Wait.  There IS no dark corner of the parking lot.  They have floodlights all over. We wanted to be in the same general area as other over-nighters for security’s sake but not too close for privacy’s sake.  We quickly realized that one big benefit of an RV or a van outfitted for sleeping is curtains.  I am sure that we gave quite a comedy show as we undressed for bed inside our sleeping bag. On the air mattress!  Little did we know that it would have been better to leave all our street clothes on since we froze, froze, froze all night long.  And having to get dressed IN the sleeping bag in the morning when you are dying to get to the bathroom is not so comical.  We had to race out of the Walmart parking lot to find an open gas station for me because Walmart didn’t open until 8! 

It was 29 degrees in K Falls and we had frost covering the inside of our windows.  We had to scrape the inside of the windows!  14-03-23-06-21-50R14-03-23-07-15-14H 

Thus began a glorious day of traveling back roads.  We had determined not to do freeways and we frequently commented how wonderful having roads to ourselves was, and how close we were to the points of interest.  We drove the length of Nevada and half of Arizona seeing very few other cars.14-03-23-07-41-04H14-03-23-07-42-07H14-03-23-07-46-56H14-03-23-07-50-27H14-03-23-08-56-03H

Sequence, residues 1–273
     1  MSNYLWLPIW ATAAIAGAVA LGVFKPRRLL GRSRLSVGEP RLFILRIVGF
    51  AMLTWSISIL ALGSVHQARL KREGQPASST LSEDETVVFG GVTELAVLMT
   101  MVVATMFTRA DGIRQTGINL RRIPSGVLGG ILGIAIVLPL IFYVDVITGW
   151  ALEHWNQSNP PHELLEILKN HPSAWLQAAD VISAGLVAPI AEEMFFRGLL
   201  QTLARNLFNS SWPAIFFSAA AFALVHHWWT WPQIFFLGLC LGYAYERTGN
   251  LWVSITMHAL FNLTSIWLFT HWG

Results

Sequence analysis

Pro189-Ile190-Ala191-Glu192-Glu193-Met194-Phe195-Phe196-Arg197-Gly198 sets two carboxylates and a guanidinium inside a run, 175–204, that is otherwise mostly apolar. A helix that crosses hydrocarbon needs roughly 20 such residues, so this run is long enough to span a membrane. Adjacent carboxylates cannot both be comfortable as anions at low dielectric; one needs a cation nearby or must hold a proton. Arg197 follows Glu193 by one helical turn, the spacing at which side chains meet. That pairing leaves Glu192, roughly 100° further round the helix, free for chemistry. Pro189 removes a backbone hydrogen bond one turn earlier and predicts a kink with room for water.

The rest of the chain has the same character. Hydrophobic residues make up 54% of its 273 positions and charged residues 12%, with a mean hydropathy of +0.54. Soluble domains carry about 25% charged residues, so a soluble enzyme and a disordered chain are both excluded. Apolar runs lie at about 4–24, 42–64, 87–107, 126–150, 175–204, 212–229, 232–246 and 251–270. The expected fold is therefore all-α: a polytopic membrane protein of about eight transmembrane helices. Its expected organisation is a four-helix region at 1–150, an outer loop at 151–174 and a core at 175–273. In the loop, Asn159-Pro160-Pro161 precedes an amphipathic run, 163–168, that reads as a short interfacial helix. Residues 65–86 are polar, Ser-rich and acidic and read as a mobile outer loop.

We ate granola bars for breakfast washed down by orange juice from the Adin General Store which was a walk through history in itself.  We had cheese sticks and peanut butter crackers and yoghurts in the car and didn’t plan to need restaurants. However, at midday we came across this sign :14-03-23-14-55-57H

and we couldn’t resist a fresh squeezed lemonade. (Besides, I needed a bathroom break .) We chatted with the owner and family who just bought this place in December and are trying to make a go of it.  I believe it is on reservation land.  The only action in town we saw was 2 police cars pulling over nearly everyone passing through town.  Good thing we slowed for lemonade—and boy, was it good!  Oh, my!  So good. We felt inspired to get a burrito as well.14-03-23-14-44-03R14-03-23-14-45-42H14-03-23-14-59-37H

We drove through Nevada all day and decided to stay in a motel that night to get a shower before meeting our friends. 






After a day populated by only sagebrush and an occasional truck, this motel seemed other-worldly and bizarre. It was a casino, which we don’t care about, but it had a hot tub which appealed to Ron.    


In the light of day it appeared less weird although all the people had disappeared when the sun rose:


14-03-24-09-14-14H14-03-24-09-23-12RAnd now we are off to meet our friends in Lake Havasu, by way of Las Vegas and the Hoover Dam.  But that story is for another day.